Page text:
The Boreal Forest of Canada: Our Last Great Wilderness
Stretching from Alaska to the Atlantic, the Canadian Boreal forest is more than twelve times the size of California and represents one of the greatest conservation opportunities in the world.
Most of the Boreal is the traditional territory of Canada’s aboriginal peoples, and critical habitat for bears, wolves, the threatened woodland caribou, as well as over 40% of North America’s waterfowl and 30% of our songbirds. Forest clear-cutting and pollution from logging and processing operations threaten the health and continuity of many of these populations.
Because the Boreal holds more carbon than any other terrestrial landscape, its conservation is imperitive. Degrading the Boreal landscape threatens to transform the Boreal from one of the few healthy “lungs of the planet” into a net climate destabilizer.
Despite its importance, an area the size of Delaware is cut in the Boreal every year, the majority of which goes to make pulp and paper for export to the U.S.
U.S. Southern Forests
The South is home to the U.S.’s largest and most diverse, unprotected native forests. These forests contain the highest concentration of tree species in North America as well as freshwater aquatic species in the world – and are listed as “critically endangered” by the World Wildlife Fund.
Currently, the Southern U.S. is the largest paper producing region in the world, producing 75% of the U.S.’s paper and 15% of the world’s paper. More than half of this region’s native forests have been cut in the past 50 years to make way for tree plantations.
As native forests give way to pine plantations and chipmills, hundreds of plant and animal species may be lost forever. See The Dogwood Alliance for more information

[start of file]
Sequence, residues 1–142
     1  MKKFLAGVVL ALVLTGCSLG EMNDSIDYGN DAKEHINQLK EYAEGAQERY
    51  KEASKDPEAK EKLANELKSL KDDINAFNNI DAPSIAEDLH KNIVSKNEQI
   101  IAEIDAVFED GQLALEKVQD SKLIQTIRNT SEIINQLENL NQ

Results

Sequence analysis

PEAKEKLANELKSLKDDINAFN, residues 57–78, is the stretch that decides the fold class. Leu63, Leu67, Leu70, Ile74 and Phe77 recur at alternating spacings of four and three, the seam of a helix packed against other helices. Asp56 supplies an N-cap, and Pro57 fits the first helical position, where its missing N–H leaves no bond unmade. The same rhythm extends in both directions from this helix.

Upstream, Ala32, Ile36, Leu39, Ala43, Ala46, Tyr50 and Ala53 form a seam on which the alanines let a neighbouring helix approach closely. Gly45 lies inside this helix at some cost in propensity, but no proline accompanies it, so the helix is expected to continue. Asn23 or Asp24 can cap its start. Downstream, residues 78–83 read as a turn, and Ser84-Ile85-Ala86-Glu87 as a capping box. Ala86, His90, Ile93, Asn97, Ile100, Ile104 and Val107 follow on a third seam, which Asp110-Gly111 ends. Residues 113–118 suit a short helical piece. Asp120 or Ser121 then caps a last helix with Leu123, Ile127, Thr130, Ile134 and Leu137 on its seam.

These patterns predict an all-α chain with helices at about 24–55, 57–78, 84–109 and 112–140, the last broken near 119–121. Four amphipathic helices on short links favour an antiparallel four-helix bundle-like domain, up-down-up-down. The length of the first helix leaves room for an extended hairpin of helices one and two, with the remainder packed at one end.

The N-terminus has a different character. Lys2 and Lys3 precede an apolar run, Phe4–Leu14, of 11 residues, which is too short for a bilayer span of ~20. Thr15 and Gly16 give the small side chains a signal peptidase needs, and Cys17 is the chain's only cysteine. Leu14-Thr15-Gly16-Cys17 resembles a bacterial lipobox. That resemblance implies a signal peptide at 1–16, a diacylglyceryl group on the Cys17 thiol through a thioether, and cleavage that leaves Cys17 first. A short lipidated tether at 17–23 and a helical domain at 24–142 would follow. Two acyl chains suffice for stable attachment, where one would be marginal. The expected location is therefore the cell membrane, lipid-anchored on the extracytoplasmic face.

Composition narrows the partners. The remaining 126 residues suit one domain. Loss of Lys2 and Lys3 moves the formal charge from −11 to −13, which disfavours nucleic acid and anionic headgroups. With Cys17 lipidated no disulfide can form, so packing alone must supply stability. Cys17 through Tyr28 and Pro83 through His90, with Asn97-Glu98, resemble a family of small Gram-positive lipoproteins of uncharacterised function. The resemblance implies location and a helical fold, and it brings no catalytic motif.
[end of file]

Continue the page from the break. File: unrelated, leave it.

U.S. Public Lands
For at least 18,000 years, North America's ancient temperate rainforest stretched over 3,000 miles along the Pacific Ocean coast, connecting Sitka Spruce in the area now called Alaska with the Redwoods of what is now called California. Today, outside British Columbia's Great Bear Rainforest, only 10% of that ancient rainforest remains. The vast majority of this remnant is located on public lands in the United States. These lands stretch from California, Oregon, Washington all the way to Alaska's Tongass and Chugach National Forests.
The hardwood forests of the Eastern U.S. Are equally as important and have been decimated over the last hundred years and largely remain only on public lands. They are key for ecological diversity, recreation, local communities, and air and water supply.
Though the forests on U.S. public lands are critically endangered, large U.S. companies are rapidly destroying them. At current logging rates, another 300,000 acres of old-growth forests alone could be destroyed by the year 2020. All of this logging is totally unnecessary because less than 4% of the U.S. wood supply comes from its public lands, and all of this wood could be supplied from forests that are not endangered. And what does the U.S. public think about the logging on its lands? By overwhelming majorities, Americans have repeatedly expressed their opposition to wood products that come from U.S. public lands.
51 million acres of roadless areas in our National Forests which were protected under Executive Order are now on the chopping block as the current administration has proposed that protection be voluntary on state-by-state basis. This will likely result in the destruction of the most pristine of our remaining roadless areas.
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